Be Beautiful

At the invitation of a local newspaper editor Bill Schroer began writing a column in 2013 which addressed nudism and naturism. These columns reflect Bill’s view of naturism and it is hoped by reprinting the columns and then sharing his original blog posts, viewers will see the link between Bill’s philosophy of living as a nudist/naturist and the resulting world of Nuance Naturist B&B. In effect, Nuance Naturist B&B is an outcome of Bill’s years of thinking and dedication to the naturist ideal.
Enjoy…..!


Ann just spent 30 days taking pictures of her (nearly) naked body in public places and posting them on the Internet. The “Be Beautiful” project was inspired by a woman deciding to stop accepting the media and society’s judgment about her and fight back. This woman weighs 311 pounds. And, by her own admission, “…having been a woman of size my entire life raised in poor, suburban, white American culture my core belief systems are steeped in shame and invisibility.”

The weight of those last words…. “shame and invisibility” is enormous. There cannot but be an impact on one’s self-esteem, self-worth and the ability to lead a healthy, productive life for someone like Ann. But what makes her unique is not her size or that set of self-destructive beliefs…it is her recognition of this corrupting influence and her forceful, demonstrative action to take it on. There are millions of women and men like her. With 65% of adults and 30% of children overweight and 30%

of adults and 15% of children diagnosed as obese this is an issue of epidemic proportions. Many suffer as Ann does…feeling..shamed and invisible. Health outcomes are problematic for those overweight or obese, but the mental health cost is staggering. Because being “shamed and invisible” is a prescription for paralysis, the inability to address problems and to feel good about yourself or others. It frames an outlook of failure, can lead to a suboptimal life lived at the margins and leads to an existence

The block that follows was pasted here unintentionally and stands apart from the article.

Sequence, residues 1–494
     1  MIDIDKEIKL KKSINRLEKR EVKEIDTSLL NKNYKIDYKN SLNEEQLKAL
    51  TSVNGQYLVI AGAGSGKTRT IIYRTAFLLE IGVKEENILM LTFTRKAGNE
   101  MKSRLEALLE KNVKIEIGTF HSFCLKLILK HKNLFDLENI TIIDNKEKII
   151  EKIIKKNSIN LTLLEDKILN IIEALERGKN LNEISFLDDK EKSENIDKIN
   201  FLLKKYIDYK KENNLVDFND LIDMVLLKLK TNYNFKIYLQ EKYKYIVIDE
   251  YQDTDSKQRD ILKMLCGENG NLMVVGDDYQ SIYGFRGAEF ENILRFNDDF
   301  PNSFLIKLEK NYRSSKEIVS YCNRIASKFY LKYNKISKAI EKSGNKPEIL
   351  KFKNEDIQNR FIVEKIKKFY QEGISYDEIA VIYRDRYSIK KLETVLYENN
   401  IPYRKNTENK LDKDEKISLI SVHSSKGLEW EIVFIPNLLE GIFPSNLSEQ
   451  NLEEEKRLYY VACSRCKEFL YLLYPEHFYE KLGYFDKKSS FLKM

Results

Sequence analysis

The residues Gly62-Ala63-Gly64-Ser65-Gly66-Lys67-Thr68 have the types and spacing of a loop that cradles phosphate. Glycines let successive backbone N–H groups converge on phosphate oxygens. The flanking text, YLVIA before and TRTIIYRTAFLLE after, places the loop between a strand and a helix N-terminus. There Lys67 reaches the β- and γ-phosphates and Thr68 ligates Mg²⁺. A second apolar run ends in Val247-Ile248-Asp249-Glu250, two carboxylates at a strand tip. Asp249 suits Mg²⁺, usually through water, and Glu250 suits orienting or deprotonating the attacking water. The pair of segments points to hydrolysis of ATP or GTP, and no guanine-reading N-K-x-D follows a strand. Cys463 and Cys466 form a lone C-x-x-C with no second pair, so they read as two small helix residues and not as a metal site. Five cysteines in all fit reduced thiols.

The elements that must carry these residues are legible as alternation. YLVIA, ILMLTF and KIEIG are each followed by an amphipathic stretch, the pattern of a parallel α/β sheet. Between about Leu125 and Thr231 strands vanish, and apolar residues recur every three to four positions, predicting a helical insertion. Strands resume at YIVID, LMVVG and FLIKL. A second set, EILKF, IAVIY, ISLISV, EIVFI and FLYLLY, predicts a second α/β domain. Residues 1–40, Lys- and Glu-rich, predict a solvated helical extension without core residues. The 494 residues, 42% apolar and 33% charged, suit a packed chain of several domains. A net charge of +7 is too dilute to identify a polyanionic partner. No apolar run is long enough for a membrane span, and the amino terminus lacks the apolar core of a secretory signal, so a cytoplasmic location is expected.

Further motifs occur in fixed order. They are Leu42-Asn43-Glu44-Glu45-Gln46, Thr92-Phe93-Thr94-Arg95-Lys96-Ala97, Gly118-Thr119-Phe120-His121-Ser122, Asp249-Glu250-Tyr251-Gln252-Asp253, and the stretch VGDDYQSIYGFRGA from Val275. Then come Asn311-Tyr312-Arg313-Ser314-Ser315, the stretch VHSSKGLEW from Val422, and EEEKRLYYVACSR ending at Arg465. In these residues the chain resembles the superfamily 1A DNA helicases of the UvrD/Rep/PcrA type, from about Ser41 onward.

65% of adults and 30% of children overweight and 30% of adults and 15% of children diagnosed as obese this is an issue of epidemic proportions.

of quiet, unremitting despair. Ann’s triumph is in her ability to break through the concrete mold of defeat that jacketed her. Ann’s nearly nude assault on the public was the explosive charge she needed to break through the force field holding her prisoner. Her “…challenging the internalized belief that I am lacking desirability because of the size of my body is a necessary service to my work..” is the jackpot. Ann nailed it by going after the 5,260 attractiveness messages per year that say “If you don’t look like this…you are

not attractive…your body is shameful, you are invisible.” She is countering with her public display and “loving all 311 pounds of my glorious body out loud in public.” What makes me inspired and hopeful about Ann’s story is she is starting at the right place…not at health and longevity….and not in becoming beautiful. It is about being beautiful as you are. It is an important distinction as in any spiral of “the worse it gets the worse it gets..” one has to know what lever will stop the merry-go-round. For her…(and I believe for many men

and women) the exit from the train of shame is the acknowledgment her body is beautiful and worthwhile as she is. From that springboard of loving oneself comes the ability to love others. This principal of body acceptance is fundamental in the nudist community. Many people with unusual body shapes, scars or disabilities have found by taking your clothes off you are accepted for who you are. No shame, no invisibility. When everyone around you is nude you realize all is visible….there are no perfect bodies and all bodies are accepted as they are.

“loving all 311 pounds of my glorious body out loud in public.”

It is at this point Ann can begin to make the calm and dispassionate decisions about what, if anything to do about the shape of her body. She may decide to diet, or change her eating habits, or work out.

Or she may decide to continue to live as she does. But she will have taken control of her life, her self-esteem and her self-worth.

And, she will have rejected the notion that others, the media or society can label her, shame her or ever make her invisible again.

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